November 22, 2016
A Review of High-Impact, Billion-Dollar Rules
Every year regulators issue thousands of regulations. A handful impose costs exceeding $100 million annually. For example, in 2016 regulators have published 47 rules with annual costs eclipsing $100 million, totaling $20.9 billion in total costs. However, billion-dollar, high-impact (“mega rules”) are typically an aberration. During the Bush Administration, there were an average of 1.6 per year. The Obama Administration has now pushed the average to more than 3.25 annually. The Bush Administration, over the span of 8 years, published $35 billion worth of mega rules; the Obama Administration imposed $42 billion, from 2012 to 2014 alone. With a few months left to regulate, President Obama has already imposed roughly $75 billion in annual mega rule costs, with a net present value burden of $424 billion, or $1,300 for every person in the U.S. In other words, this is the per capita burden from just 25 rules.
The chart below tracks the trend in the number of mega rules since 2001 (when there were zero).
There were zero at the start, to highs of five mega rules in 2012 and 2016. From 2001 to 2008, there were a total of 12 billion-dollar regulations. From 2009 to present, there have been 26, including a pending proposed rule from 2015. In other words, President Obama has managed to more than double the output of mega rules, with a few months left to regulate.
The chart below examines the aggregate annual costs of these measures. For example, in 2002, there was just one mega rule, imposing $1.1 billion in costs. By contrast, in 2012, there were five billion-dollar regulations, imposing $26.1 billion in costs.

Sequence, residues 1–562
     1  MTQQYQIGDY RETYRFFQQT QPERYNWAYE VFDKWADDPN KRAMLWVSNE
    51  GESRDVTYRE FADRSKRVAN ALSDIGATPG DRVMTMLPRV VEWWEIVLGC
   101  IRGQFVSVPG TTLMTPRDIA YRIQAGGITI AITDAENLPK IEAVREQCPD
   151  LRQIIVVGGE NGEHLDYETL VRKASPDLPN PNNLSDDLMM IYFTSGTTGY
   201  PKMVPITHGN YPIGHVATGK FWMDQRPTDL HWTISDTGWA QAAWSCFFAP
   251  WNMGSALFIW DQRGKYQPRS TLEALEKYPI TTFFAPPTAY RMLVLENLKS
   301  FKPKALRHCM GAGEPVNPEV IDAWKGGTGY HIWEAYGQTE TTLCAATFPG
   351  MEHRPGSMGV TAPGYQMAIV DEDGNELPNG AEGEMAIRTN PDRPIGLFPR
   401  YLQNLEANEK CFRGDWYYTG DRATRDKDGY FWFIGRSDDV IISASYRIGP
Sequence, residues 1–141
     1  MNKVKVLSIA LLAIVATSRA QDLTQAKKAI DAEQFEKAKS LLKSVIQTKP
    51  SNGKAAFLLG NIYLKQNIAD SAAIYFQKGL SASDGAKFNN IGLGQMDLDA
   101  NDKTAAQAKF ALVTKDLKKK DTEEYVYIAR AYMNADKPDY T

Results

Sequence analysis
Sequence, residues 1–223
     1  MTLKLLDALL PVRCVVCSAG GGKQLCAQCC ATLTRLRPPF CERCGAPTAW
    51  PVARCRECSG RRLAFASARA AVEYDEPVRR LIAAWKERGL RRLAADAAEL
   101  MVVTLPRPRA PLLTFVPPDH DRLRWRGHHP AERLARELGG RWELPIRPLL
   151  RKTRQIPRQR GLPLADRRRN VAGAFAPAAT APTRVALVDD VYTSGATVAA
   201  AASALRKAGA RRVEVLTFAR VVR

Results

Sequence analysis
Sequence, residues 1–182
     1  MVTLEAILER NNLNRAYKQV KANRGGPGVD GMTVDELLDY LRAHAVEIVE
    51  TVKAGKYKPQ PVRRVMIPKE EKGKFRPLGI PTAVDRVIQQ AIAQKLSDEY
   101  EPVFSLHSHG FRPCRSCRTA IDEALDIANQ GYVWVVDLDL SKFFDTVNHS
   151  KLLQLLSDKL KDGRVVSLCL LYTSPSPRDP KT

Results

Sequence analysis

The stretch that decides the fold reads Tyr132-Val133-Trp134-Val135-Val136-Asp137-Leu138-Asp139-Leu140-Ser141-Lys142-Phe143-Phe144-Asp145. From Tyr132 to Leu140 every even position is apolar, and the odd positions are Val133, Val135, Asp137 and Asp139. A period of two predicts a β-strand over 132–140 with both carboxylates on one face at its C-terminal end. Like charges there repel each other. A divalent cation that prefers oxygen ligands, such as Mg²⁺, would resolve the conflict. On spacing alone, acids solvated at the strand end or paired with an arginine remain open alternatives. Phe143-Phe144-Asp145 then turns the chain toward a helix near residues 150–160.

It’s striking that President Bush’s total of $35 billion was easily exceeded between 2012 and 2014, when mega rules generated more than $42.4 billion in annual costs. Thus, it’s not just the pace of high-impact rules, it’s the magnitude. In broader terms, there have been more than 101 rules during this time with total costs exceeding $1 billion, not simply annual costs.
Which agencies have implemented mega rules most often? During the Obama Administration, the Environmental Protection Agency (EPA) is responsible for nine of the 25 billion-dollar rules, totaling $44.3 billion or 59 percent of the administration’s total. Given passage of the Affordable Care Act, the second-place agency should come as no surprise. Health and Human Services (HHS) issued four mega rules, yielding $7.7 billion in costs or 10 percent of the administration’s total. Six other agencies imposed at least two mega rules during this period.
By specific rule, EPA measures have also resulted in the highest total burden figures. The three most expensive billion-dollar rules since 2001 were all from the Obama Administration’s EPA: 2017 to 2025 CAFE Standards ($10.8 billion), the Mercury and Air Toxics Rule ($9.6 billion), and the Clean Power Plan ($8.4 billion). In fact, EPA has the top five most expensive measures; the other two in the top five were from the Bush Administration, however: Fine Particle Implementation Rule ($7.9 billion) and Standards for Particulate Matter ($5.4 billion). Combined, these five rules have imposed $42.1 billion in annual costs or roughly 38 percent of the total cost of mega rules.